Australian Navy patrol boat makes biggest cocaine bust in country history
The crew of Royal Australian Navy’s Armidale-class patrol boat made history on February 2 after intercepting a smuggling boat with approximately 1422 kilograms (1.4 tonnes) on board.
According to the Australian Department of Immigration and Border Protection, this is the largest cocaine interception in the country’s history.
Preliminary findings say the cocaine has a street value of approximately $312 million.
Six men, aged between 32 and 66, have been charged with serious drug importation offences as a result of this investigation.
The drug bust is the result of an almost three-year operation supported by a number of border and customs agencies in Asia Pacific.
In August 2014, the Australian Federal Police (AFP) received intelligence from the NZCS about a conspiracy to import a commercial quantity of border-controlled drugs into Australia.
Police will allege a sailing vessel, the Elakha, traveled from New Zealand to a ‘mothership’ in the South Pacific Ocean last month to collect the drugs.
Shortly before midnight on Thursday, 2 February 2017, the HMAS Bathurst intercepted the Elakha. Maritime Border Command (MBC) personnel boarded the vessel, and the two crew members – a 63-year-old New Zealand man and a 54-year-old dual Swiss/Fijian national – were detained under the Maritime Powers Act 2013 (Cth).
Black bags containing a large quantity of blocks were discovered on the vessel. Initial testing of the blocks returned a positive result for cocaine with an estimated weight of approximately 1422 kilograms (1.4 tonnes).
On Friday, 3 February, two Sydney men – aged 63 and 62– travelled to the NSW South Coast, where they met a 66-year-old man. Police will allege the three men intended to launch a motor vessel to meet the Elakha at sea before returning to shore with the drugs.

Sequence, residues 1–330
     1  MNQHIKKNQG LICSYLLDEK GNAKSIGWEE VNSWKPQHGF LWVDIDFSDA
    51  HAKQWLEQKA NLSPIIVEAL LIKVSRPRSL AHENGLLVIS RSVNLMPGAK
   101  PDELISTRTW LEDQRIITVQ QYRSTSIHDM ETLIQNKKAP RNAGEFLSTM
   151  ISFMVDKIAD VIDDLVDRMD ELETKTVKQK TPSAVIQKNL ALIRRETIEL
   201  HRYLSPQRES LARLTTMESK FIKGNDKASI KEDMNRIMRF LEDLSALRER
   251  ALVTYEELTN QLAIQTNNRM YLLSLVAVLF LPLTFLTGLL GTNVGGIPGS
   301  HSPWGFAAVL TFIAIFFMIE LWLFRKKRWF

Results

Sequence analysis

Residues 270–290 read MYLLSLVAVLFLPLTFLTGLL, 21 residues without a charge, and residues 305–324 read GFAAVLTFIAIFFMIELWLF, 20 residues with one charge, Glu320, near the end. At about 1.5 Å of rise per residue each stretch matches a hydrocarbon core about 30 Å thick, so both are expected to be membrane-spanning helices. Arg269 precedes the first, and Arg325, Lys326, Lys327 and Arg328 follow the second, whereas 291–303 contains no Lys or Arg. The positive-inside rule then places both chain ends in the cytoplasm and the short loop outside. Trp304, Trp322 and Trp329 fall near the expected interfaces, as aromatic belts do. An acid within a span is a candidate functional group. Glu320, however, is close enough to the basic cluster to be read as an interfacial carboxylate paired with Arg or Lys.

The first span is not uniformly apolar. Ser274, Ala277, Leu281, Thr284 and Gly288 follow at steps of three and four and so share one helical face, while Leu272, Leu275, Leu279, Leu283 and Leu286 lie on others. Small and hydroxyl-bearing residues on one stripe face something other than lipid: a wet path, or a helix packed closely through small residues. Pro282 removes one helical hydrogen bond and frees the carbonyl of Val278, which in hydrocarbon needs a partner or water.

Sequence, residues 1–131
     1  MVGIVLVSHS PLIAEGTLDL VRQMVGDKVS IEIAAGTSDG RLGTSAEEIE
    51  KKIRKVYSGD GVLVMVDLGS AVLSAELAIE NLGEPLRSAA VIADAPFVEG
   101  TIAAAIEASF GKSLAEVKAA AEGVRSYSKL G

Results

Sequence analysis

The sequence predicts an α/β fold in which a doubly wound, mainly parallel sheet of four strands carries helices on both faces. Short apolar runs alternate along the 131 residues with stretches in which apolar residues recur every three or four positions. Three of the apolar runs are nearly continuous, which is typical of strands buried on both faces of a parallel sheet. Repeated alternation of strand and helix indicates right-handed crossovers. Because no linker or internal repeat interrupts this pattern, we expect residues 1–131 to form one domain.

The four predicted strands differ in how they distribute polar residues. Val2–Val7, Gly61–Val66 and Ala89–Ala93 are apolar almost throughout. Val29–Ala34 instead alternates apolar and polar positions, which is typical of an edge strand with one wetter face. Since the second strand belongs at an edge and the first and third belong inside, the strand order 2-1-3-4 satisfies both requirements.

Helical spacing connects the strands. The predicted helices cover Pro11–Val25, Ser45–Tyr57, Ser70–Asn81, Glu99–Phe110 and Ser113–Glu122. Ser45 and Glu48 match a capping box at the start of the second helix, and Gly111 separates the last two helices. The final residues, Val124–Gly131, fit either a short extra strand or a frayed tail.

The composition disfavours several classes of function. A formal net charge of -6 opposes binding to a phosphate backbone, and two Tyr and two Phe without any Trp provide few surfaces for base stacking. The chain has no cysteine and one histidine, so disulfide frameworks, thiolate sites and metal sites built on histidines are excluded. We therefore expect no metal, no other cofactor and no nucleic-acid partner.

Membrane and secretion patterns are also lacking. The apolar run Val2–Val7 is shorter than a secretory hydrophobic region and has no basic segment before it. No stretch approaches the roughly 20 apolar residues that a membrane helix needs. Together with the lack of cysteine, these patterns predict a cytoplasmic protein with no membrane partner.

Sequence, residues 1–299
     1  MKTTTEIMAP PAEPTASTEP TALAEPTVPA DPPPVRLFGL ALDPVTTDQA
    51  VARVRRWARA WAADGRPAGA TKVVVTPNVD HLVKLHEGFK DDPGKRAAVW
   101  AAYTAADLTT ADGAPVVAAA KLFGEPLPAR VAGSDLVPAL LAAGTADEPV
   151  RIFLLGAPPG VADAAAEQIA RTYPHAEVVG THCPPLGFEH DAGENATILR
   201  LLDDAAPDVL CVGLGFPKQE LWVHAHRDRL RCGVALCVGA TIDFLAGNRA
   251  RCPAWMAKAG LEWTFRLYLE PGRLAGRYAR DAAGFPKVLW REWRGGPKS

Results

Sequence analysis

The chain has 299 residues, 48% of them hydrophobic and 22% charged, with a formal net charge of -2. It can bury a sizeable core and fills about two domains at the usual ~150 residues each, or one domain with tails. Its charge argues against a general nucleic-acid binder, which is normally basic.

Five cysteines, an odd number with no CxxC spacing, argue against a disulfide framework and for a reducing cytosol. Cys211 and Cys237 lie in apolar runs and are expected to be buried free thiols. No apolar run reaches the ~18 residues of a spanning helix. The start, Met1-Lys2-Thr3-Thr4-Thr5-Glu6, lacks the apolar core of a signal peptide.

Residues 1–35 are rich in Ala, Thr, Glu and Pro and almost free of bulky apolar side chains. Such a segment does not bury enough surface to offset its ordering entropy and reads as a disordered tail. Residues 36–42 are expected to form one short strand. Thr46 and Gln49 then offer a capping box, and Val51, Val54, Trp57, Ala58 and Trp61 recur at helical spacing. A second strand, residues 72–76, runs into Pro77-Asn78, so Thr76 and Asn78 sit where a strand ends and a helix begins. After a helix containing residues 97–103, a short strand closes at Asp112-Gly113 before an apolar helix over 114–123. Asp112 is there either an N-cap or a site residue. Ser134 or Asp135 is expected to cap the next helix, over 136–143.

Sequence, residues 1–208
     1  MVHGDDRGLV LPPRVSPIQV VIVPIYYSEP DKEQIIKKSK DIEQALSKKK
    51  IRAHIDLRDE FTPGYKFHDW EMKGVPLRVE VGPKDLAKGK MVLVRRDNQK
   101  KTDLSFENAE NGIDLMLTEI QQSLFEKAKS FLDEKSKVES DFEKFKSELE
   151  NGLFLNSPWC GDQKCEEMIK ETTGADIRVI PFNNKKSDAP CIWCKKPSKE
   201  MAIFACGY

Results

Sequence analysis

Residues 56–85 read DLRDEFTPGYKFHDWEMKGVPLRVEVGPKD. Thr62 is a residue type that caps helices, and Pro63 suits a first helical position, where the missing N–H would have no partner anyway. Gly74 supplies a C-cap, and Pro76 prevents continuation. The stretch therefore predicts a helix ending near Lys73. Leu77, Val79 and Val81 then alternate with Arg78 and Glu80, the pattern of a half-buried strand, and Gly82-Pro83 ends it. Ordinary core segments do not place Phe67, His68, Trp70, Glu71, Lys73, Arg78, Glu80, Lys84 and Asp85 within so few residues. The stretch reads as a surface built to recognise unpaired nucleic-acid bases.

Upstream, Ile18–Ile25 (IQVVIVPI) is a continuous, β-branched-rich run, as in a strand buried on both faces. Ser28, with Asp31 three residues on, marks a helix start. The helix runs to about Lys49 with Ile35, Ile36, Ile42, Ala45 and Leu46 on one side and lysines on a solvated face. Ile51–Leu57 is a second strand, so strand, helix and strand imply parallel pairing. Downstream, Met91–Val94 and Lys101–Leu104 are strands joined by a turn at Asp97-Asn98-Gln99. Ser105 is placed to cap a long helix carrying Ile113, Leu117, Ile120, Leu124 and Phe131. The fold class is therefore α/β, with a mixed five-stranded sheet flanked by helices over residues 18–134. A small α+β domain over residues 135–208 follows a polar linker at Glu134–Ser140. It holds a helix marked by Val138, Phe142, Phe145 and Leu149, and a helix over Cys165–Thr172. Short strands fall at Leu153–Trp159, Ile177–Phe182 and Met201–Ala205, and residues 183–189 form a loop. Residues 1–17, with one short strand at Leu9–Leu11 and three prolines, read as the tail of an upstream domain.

The AFP arrested and charged the three men with conspiracy to import a commercial quantity of a border controlled drug. They appeared in Nowra Local Court on Saturday, 4 February 2017, and were refused bail. They will reappear in the Central Local Court on Wednesday, 8 February 2017.
On Friday, 3 February, police arrested a fourth man in Sydney who is also alleged to be involved in the conspiracy to import the cocaine.
The HMAS Bathurst returned to Sydney with the Elakha and its detained crew two days later, on February 5. The two men were arrested on arrival, and were later also charged with conspiracy to import a commercial quantity of a border controlled drug. They are scheduled to appear in the Central Local Court today (6 February 2017).
The maximum penalty for this offence is life imprisonment or 7500 penalty units or both.
Chief of Operations Maritime Border Command, Air Commodore Jake Campbell, said the successful outcome of the operation showcases the sophisticated work of the MBC, Australia’s leading civil maritime security authority.
“The unique multi-agency blend of the MBC means we have at our disposal advanced technology, resources and highly trained officers to target, detect and seize illicit drugs before they reach our border,” Chief of Operations Campbell said.
New Zealand Customs, Group Manager Intelligence, Investigations and Enforcement, Jamie Bamford, said this significant seizure is the culmination of a 3-year investigation by New Zealand Customs into the activities of the Elakha and its crew.
“Intelligence obtained by Customs was shared with the Australian Federal Police and Australian Border Force and this seizure is testament to the strong partnerships and cooperation between New Zealand, Australia and Pacific nations focused on combating drug smuggling operations in the region. Our partnerships enable us to act as one and our sophisticated intelligence capabilities and commitment prevent drugs reaching our communities,” said Bamford.